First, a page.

CAR-T shows promise in severe lupus
CAR T-cell therapy was well-tolerated and induced rapid disease remission in a small group of patients with severe, refractory systemic lupus erythematosus (SLE), a study presented at EULAR 2022 has shown.
The research assessed CD19 CAR T-cell therapy in five patients with severe SLE and active kidney disease.
According to Professor Georg Schett, Director of the Rheumatology and Immunology Clinic at Friedrich-Alexander University in Germany, the first patient to receive the therapy (a 20 year-old female) experienced sustained drug-free remission with complete loss of ANA and dsDNA antibodies, despite reemergence of B cells after six months.
After three months’ treatment, SLEDAI scores dropped to remission in all 5 patients receiving CAR T-cell therapy, he said.
The results so far show that complement factor 3 and 4 were normalised for the first time, and that there was a fast decrease in proteinuria with complete resolution after 30 days, he told delegates.
And the latest update, which includes longer-term data (400 days) from at least two patients, show that while B cell depletion lasted for around 100 days before re-emergence, patients remained in remission and were treatment free.
Prof Schett also noted that safety and toxicity of the therapy is “outstanding”, with no serious grade adverse events including cytokine release syndrome.
All in all, the data show “feasibility (apheresis, expansion and reinfusion) of CAR T-cell therapy in autoimmune disease, rapid and sustained clearance of B cells from circulation, clearance of anti-dsDNA antibodies and normalisation of complement levels and normalisation of protein excretion in the urine and remission of SLE”, he said.
Nailfold capillaroscopy underused to diagnose systemic sclerosis
Research has revealed varied use of nailfold capillaroscopy as a diagnostic tool for systemic sclerosis, indicating that its benefits are not being fully realised.
An online survey sent to 104 rheumatologists showed “wide variations” in UK clinical practice, with just over a third (33%) reporting on-site use of nailfold capillaroscopy in patients presenting with Raynaud’s phenomenon, and just under a third (27%) reporting not using the tool at all.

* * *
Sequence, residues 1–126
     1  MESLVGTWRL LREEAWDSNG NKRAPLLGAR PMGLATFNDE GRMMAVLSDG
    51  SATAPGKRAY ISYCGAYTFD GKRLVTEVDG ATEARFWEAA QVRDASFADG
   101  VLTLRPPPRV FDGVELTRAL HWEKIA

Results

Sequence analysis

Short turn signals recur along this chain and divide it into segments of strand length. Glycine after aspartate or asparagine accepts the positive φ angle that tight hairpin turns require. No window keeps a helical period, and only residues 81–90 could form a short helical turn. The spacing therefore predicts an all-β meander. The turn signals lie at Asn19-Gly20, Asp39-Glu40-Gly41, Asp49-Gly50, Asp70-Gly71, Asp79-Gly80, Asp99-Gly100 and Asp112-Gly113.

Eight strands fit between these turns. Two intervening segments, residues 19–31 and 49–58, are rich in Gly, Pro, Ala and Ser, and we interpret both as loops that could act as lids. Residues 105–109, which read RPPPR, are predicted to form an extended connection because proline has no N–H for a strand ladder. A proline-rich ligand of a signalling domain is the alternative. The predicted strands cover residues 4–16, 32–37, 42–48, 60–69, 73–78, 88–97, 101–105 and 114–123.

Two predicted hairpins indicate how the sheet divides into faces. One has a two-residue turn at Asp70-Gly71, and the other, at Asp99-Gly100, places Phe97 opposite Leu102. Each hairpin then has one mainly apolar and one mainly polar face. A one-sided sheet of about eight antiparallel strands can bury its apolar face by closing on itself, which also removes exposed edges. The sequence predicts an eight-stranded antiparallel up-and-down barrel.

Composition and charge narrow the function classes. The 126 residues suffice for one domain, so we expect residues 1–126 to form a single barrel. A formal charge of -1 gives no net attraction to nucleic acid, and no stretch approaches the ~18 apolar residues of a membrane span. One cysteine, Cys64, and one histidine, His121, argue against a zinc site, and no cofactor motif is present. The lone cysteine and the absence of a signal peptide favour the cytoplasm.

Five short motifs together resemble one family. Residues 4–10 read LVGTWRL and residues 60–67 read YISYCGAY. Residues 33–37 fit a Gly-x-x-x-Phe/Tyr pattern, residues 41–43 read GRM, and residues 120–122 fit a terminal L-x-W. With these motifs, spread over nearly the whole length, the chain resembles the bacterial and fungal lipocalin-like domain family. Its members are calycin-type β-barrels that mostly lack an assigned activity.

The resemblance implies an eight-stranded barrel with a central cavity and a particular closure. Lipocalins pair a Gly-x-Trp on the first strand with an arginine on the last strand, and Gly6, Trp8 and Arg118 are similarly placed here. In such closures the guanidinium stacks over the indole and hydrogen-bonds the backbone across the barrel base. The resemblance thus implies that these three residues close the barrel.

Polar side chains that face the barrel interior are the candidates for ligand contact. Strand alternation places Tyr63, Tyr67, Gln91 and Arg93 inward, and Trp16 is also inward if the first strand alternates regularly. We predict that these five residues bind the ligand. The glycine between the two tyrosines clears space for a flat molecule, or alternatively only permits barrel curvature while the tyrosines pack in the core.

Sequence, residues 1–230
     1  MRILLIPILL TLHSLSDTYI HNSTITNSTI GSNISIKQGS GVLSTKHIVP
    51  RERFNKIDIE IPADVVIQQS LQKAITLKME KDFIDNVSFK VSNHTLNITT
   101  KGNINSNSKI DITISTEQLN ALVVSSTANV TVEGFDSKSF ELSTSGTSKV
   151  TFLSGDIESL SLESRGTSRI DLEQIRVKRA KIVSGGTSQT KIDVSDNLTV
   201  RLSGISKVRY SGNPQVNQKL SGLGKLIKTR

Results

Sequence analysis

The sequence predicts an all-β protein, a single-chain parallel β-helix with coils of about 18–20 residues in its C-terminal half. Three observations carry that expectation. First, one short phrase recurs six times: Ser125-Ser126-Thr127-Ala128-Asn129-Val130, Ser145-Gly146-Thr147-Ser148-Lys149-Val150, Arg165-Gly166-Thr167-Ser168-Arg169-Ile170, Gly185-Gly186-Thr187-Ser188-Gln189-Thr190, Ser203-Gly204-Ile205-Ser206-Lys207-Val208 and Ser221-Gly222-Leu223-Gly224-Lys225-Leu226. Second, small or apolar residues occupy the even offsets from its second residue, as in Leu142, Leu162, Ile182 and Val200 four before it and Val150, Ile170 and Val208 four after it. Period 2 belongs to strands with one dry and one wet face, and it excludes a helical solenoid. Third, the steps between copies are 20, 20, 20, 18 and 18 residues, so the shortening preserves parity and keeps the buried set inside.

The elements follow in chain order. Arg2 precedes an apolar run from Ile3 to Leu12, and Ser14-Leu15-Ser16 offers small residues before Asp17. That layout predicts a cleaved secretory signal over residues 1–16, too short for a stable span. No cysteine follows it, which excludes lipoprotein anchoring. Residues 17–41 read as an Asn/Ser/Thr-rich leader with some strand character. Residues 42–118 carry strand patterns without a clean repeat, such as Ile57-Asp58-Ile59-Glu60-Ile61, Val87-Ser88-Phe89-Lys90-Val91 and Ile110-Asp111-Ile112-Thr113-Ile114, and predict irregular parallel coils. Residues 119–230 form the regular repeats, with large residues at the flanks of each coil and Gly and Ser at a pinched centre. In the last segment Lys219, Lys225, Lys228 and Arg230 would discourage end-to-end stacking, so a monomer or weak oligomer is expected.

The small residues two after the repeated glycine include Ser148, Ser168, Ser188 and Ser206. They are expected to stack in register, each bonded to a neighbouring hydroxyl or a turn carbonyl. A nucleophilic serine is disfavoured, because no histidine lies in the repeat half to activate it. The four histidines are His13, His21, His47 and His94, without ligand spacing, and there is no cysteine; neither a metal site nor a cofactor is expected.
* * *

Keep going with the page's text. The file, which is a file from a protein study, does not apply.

A lack of equipment (85%), experience in acquiring images (69%) and expertise in interpreting images (67%) were cited by respondents as key barriers.
“Increased uptake of nailfold capillaroscopy across the UK would realise patient benefits in terms of health gain through early detection (through appropriate monitoring) and treatment of internal organ involvement, and could also improve the overall patient experience beyond these anticipated health gains,” the authors said in the paper published in Rheumatology.
The research also revealed appetite among rheumatologists for the development of a standardised, internet-based, automated system to improve use of the diagnostic tool, with 63% of respondents voiced interest in such a system for reporting images, which “could help increase uptake of capillaroscopy and thereby facilitate early diagnosis of systemic sclerosis across the UK”, they added.
Injectable hydrogel relieves low back pain caused by degenerative disc disease
A novel formulation of a hydrogel that can be injected into spinal discs proved safe and effective in relieving chronic low back pain caused by degenerative disc disease (DDD), according to new research to be presented at the recent Society of Interventional Radiology Annual Scientific Meeting in the US.
The first human study of Hydrafil, a second-generation FDA ‘breakthrough device’ hydrogel enrolled 20 patients, with chronic DDD low back pain.
After six months, all participants reported significantly less low back pain—declining from an average self-reported pain level of 7.1 down to 2.0 on a scale of zero to 10. They also experienced greatly improved physical function, with average function scores falling from 48 to 6 on a questionnaire.
Study investigator Dr Douglas Beall, chief of radiology services at Clinical Radiology of Oklahoma, said he gel was heated to become a thick liquid and then injected . guided by fluoroscopic imaging, directly into the affected discs, where it filled in cracks and tears, adhering to the disc’s centre and outer layer.
“We really have no good treatments for degenerative disc disease, aside from conservative care,” said Dr Beall. “Surgery is statistically no more effective than conservative care and can potentially make things worse; nerve ablation is appropriate for only a few patients; and existing hydrogels are inserted through an incision as a soft solid, which can pop out of place if you’re not highly skilled in placing it.”
“Because this gel is injectable, it requires no incision, and it augments the whole disc, restoring its structural integrity, which nothing we have currently can do,” he said.